Forestry Technician: A Job with Many Opportunities

Young woman stands in the forest wearing a Forest Service uniform, utility vest and hard hat.

Meet Sonya Lucatero, a timber sales administrator on the Tahoe National Forest. (USDA Forest Service photo by Andrew Avitt)

Andrew Avitt
Pacific Southwest Region
July 18, 2023

The Forest Service is around 30,000 employees strong and requires a wide variety of professions to get the job done — to care for the land and serve people, that is.

There are foresters, rangeland management specialists, social scientists, visual information specialists, civil engineers, accountants, electricians, hydrologists, and so many others. But there is perhaps one job in the Forest Service more pervasive and variable than the rest… the forestry technician.

Forestry technicians serve as fire lookouts, support recreation, fight wildland fire, assess and manage forest health. And though these jobs vary greatly, they have one big similarity, plenty of work in the great outdoors.

A Great Benefit

Sonya Lucatero is one of many forestry technicians on the Tahoe National Forest.

“I grew up in Susanville, California, where the Lassen National Forest was just a two-minute walk. So, as I got older and tried to figure out what I wanted to be when I grew up, I really focused on being outside.”

That one career requirement eventually led Lucatero to the Forest Service where she works as a timber sales administrator.Sonya Lucatero and Chris Pennington timber sales administrators meet with a contractor in the forest

Sonya Lucatero and Chris Pennington, timber sales administrators on the Tahoe National Forest check in with a contractor. (USDA Forest Service photo by Andrew Avitt)

Every timber sale on a national forest follows a standard process. Adhering to federal, state and forest regulations an area is surveyed and prepared. Then a contract is drawn up outlining the specific work to be done — which trees will be harvested.

It’s during the implementation phase, when work begins to happen, that a timber sales administrator like Lucatero will step in to help guide the work. “It’s really about us working together to make sure that the contract is being realized on the ground.”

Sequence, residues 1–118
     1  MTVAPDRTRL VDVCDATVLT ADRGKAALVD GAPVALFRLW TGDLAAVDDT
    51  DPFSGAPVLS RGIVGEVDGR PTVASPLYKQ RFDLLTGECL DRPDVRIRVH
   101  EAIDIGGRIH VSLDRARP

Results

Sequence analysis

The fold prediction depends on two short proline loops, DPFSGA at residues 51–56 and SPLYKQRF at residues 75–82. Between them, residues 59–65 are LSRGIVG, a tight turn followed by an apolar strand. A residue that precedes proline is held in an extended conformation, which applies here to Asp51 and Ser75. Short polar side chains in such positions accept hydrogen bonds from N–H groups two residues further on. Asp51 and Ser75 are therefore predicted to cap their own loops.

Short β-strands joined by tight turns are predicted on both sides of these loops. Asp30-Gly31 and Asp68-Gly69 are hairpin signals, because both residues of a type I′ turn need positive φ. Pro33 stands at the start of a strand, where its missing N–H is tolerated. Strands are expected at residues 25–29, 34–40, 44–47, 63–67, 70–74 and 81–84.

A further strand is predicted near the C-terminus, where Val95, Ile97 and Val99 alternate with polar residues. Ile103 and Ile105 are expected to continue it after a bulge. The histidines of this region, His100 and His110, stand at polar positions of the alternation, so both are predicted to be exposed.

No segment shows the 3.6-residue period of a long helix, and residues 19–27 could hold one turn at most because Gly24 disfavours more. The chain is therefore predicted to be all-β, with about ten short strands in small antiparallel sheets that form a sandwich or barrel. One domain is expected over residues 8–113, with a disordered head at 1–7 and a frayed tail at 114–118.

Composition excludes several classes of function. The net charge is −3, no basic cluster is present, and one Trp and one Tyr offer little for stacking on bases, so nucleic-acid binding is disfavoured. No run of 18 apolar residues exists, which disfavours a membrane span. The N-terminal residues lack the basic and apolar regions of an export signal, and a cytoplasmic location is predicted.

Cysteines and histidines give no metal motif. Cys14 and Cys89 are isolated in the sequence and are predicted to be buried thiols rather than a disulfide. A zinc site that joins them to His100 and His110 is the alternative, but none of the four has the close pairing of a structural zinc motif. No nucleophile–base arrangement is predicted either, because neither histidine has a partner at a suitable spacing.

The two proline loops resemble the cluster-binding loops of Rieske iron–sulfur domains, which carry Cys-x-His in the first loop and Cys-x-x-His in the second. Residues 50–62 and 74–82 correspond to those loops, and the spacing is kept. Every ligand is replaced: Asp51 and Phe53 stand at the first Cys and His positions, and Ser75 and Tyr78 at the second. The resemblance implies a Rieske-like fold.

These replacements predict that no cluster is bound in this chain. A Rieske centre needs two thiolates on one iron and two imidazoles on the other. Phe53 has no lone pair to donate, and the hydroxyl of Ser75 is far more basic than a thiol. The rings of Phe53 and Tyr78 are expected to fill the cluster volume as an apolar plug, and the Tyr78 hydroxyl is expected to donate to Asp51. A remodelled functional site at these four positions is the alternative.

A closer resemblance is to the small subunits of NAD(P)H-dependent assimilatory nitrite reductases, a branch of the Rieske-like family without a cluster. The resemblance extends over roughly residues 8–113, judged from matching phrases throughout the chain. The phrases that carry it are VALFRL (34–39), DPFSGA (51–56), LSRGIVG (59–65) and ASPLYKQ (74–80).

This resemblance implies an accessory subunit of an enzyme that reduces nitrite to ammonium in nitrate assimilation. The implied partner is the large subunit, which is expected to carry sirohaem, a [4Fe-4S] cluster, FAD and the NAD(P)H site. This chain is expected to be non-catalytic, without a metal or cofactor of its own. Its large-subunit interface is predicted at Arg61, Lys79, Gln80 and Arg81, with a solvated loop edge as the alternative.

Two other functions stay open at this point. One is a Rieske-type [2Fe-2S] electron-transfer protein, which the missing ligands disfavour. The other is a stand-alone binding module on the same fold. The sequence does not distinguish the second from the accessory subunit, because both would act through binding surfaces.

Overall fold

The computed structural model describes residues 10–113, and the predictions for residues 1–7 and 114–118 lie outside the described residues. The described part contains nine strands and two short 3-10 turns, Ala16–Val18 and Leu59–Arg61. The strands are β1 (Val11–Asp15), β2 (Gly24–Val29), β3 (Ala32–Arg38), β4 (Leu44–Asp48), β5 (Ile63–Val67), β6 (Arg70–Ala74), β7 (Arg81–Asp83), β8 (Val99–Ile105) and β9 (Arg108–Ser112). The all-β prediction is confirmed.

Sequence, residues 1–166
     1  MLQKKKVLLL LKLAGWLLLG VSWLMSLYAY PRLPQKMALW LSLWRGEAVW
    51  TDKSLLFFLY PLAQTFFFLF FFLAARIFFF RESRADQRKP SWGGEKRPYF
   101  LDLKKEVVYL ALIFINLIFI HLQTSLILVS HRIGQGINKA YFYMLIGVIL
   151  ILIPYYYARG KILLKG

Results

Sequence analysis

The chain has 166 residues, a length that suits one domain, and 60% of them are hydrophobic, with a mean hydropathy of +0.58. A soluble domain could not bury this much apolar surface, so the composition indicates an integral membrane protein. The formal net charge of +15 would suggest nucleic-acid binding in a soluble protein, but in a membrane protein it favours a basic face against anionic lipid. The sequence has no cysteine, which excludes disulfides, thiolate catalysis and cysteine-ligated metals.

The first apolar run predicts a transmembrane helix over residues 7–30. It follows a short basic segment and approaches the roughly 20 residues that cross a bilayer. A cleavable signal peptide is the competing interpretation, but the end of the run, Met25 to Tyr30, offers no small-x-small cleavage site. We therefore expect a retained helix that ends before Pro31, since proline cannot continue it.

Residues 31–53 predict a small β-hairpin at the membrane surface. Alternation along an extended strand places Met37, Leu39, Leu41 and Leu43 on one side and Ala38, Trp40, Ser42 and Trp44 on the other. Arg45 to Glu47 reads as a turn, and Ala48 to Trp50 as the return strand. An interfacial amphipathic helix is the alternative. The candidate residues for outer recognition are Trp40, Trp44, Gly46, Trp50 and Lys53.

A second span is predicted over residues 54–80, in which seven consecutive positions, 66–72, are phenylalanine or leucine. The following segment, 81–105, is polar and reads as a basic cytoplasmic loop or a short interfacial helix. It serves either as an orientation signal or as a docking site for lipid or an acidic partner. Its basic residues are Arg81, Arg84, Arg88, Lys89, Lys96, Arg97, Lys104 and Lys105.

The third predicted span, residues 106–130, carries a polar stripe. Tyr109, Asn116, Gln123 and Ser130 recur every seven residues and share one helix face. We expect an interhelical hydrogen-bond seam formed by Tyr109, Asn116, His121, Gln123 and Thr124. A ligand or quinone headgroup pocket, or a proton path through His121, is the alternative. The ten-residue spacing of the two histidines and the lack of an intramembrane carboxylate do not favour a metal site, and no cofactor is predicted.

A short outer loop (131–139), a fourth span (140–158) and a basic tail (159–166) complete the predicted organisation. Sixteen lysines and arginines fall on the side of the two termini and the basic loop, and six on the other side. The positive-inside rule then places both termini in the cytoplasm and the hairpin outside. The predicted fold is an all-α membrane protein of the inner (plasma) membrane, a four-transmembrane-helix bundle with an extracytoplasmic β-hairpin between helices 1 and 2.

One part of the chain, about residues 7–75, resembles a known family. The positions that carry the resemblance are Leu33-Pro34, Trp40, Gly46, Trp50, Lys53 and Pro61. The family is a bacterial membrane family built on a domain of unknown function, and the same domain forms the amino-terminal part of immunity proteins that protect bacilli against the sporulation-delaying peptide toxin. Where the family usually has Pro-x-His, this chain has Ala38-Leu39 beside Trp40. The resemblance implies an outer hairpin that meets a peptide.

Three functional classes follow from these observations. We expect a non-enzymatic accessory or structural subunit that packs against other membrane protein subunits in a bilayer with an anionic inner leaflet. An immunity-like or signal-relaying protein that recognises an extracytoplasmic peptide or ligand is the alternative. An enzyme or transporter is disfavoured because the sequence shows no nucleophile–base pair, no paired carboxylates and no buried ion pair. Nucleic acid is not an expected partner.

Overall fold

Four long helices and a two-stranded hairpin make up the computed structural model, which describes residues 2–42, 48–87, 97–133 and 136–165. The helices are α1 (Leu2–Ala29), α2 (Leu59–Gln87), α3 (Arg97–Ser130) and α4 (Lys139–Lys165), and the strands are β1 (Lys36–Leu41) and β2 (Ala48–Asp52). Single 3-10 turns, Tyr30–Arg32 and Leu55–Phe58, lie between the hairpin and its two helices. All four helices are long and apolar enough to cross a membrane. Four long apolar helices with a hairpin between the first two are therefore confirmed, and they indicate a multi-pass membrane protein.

Although people often assume timber harvesting is detrimental to the health of forests, the way that the Forest Service and contractors work together coincides with beneficial outcomes, she said.

“The contracts awarded really depend on what the land needs,” said Lucatero. “Some of the typical goals we work towards on the Tahoe National Forest are specifically focused on removing hazard trees and restoring forest health.

“In the past few years, we’ve been hit pretty hard with wildfires, but we can reduce that risk by treating our land and reducing that fuel. That’s where contractors within the timber industry can be an important ally and where a timber sales administrator comes in to help get that work done.”Removal of hazard trees around Chapman Campground by large equipment

Removal of hazard trees around Chapman Campground on the Tahoe National Forest. (USDA Forest Service photo by Andrew Avitt)

That stride towards supporting forest health can be seen long before a contract is awarded. Lucatero works with Forest Service specialists to evaluate the needs of the land and how a proposed project might affect tree stands, soil, wildlife, recreation and water. “It may sound like a lot but it’s necessary,” said Lucatero.

“When we have our interdisciplinary team meetings the common goal is how do we treat the land so that future generations get to enjoy it as much as we did,” said Lucatero. “And now especially with a changing climate, we understand how important it is to work together to take care of our lands for the future.”

The Best Job in the Forest Service

You hear it a lot in the Forest Service, “I have the best job.” Lucatero admits that she thinks so too.

“I really do enjoy my job — the excitement of what will happen on any given day. You just don’t really know what you’re going to encounter in the woods and how plans will shift,” she said. “You never have the same day twice.”Timber sales administrators watch a hazard tree falling in the forest while wearing protective gear

Sonya Lucatero and Chris Pennington, timber sales administrators, watch from a safe distance as a hazard tree is harvested in the distance. (USDA Forest Service photo by Andrew Avitt)

There’s a lot to love about the job, she said. Plenty of time outdoors — up to 80% during the summer season. Ample opportunity to hike and see all the different parts of the forest, but for Lucatero, it’s the people she works with that she appreciates most.

“Working with the different specialists, they are very smart, very kind, and passionate people. And it’s really a privilege to get to work with people like that, to work together with that same common goal, to do what’s right by the land.

“And I think another thing about my job I really love is that I’m learning so much constantly. Just like the land, there’s no exact replica of one piece to another, no day is the same. It’s the variation, the people, and the opportunity to be outdoors that really makes this job great.”

Interested in becoming a Timber Sales Administrator or to learn more about other Forestry Technician positions, please visit the Forest Service website.

The Forest Service is recruiting for hundreds of forestry technician (0462) positions throughout the agency. Applications are available through USAJOBS.